Exactly one year ago, Chris Brown was undeniably one of Pop music’s most prolific young stars. From monster hit singles to sold out tours, it seemed that everything this energetic entertainer touched turned into gold (or platinum). Heralded as Billboard’s ‘Artist of the Year’ in 2008, the star was primed to dominate the charts once again in 2009. However, 12 months later, Brown’s name has become synonymous with everything but success.
Embroiled in a highly publicised controversy surrounding allegations of domestic abuse with his equally famous former girlfriend, Rihanna, Brown has unceremoniously fallen from grace; cast out of the court of public favour. Furthermore, the countless apologies issued by the singer through the mass media have fallen on deaf ears; his efforts ridiculed and his words mocked by audiences around the world.
Nevertheless, Brown continued to pursue his music career, releasing his 3rd studio album, ‘Graffiti’. This too, however, failed to sway the public’s opinion of the singer. Despite rigorous attempts to promote the project with his sold-out ‘Fan Appreciation Tour’, double-single releases and big-budget videos, his album was the worst received record of the year by critics and debuted with the lowest sales of his career to date. It seemed that no matter how hard the young performer tried, he was unable to separate his personal life from his professional endeavours in the eyes of the public.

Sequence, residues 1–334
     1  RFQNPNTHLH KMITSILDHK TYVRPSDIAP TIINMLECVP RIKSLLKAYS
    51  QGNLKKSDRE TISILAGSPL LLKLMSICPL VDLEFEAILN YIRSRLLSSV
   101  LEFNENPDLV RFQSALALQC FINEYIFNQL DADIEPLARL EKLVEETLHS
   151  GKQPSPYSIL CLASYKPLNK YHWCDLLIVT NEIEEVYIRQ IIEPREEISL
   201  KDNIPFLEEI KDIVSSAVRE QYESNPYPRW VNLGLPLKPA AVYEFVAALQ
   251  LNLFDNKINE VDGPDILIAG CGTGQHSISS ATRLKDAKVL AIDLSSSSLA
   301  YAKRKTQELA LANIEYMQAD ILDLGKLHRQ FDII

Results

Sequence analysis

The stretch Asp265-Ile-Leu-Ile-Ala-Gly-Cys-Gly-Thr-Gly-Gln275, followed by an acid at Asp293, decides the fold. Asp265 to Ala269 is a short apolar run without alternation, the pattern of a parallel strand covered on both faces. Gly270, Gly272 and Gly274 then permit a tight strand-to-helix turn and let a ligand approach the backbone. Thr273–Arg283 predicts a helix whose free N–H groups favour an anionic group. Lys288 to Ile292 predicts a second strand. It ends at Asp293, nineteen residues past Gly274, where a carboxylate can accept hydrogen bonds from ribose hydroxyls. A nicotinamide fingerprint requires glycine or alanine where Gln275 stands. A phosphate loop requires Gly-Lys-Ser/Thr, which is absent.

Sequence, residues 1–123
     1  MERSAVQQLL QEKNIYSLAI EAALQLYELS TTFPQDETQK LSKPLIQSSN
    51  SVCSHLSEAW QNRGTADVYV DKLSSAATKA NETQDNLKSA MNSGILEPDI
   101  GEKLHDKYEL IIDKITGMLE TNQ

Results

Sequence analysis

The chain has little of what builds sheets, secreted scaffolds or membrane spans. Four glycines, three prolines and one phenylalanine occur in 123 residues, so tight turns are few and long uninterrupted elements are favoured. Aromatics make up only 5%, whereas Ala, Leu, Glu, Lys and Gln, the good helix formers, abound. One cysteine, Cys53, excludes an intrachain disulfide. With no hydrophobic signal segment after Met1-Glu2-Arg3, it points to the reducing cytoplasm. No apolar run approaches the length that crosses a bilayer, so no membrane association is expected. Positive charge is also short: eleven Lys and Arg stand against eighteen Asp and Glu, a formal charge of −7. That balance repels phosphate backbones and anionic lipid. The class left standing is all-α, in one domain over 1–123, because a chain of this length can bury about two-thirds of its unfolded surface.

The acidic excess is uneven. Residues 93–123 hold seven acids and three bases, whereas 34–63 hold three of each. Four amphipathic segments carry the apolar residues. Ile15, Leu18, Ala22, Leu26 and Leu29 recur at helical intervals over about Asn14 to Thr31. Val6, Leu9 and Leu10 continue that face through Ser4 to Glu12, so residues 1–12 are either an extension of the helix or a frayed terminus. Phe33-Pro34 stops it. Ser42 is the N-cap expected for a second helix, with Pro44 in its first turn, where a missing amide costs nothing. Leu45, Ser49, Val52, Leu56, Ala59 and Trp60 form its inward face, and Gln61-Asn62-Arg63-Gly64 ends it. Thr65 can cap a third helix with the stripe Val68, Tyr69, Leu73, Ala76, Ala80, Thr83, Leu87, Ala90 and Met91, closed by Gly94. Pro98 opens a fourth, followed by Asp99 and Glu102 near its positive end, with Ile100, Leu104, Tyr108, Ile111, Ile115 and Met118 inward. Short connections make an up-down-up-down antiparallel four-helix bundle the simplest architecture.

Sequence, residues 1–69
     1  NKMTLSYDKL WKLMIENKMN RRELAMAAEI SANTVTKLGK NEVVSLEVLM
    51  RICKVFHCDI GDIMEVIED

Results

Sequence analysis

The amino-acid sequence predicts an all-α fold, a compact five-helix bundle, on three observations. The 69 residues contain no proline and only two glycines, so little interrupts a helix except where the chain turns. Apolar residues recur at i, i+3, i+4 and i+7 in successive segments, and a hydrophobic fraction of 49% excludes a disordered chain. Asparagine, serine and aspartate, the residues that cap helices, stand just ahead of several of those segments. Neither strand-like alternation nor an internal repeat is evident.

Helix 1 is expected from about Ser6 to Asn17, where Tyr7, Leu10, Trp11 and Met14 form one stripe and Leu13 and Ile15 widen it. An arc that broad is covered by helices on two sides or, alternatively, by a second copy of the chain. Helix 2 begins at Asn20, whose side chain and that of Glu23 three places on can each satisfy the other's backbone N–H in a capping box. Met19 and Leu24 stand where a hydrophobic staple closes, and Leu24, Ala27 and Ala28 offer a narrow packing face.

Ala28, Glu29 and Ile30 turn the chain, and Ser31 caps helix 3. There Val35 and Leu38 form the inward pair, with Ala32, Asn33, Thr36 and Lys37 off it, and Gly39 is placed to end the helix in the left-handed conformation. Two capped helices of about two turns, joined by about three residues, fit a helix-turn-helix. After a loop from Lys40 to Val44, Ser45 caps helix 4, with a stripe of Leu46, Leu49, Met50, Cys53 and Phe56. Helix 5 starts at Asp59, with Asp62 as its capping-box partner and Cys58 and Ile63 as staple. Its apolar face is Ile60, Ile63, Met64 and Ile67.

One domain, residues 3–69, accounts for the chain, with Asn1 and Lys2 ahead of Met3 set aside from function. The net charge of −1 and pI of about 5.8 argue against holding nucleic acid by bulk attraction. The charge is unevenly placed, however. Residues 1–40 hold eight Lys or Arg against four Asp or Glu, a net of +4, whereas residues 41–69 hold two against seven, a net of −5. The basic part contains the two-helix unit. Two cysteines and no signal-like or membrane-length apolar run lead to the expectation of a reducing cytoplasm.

In light of this, the following questions are raised: should Brown be blacklisted because of his past indiscretions? Should his personal life dictate the direction of his career? Countless singers, including Michael Jackson, R. Kelly and Whitney Houston, have faced career-crippling problems in the past yet have managed to regain their place at the top of the charts. In contrast, given the gravity of Brown’s situation and the increasingly powerful influence of the mass media, the odds of audiences appreciating his music, regardless of his personal issues, are quite slim indeed.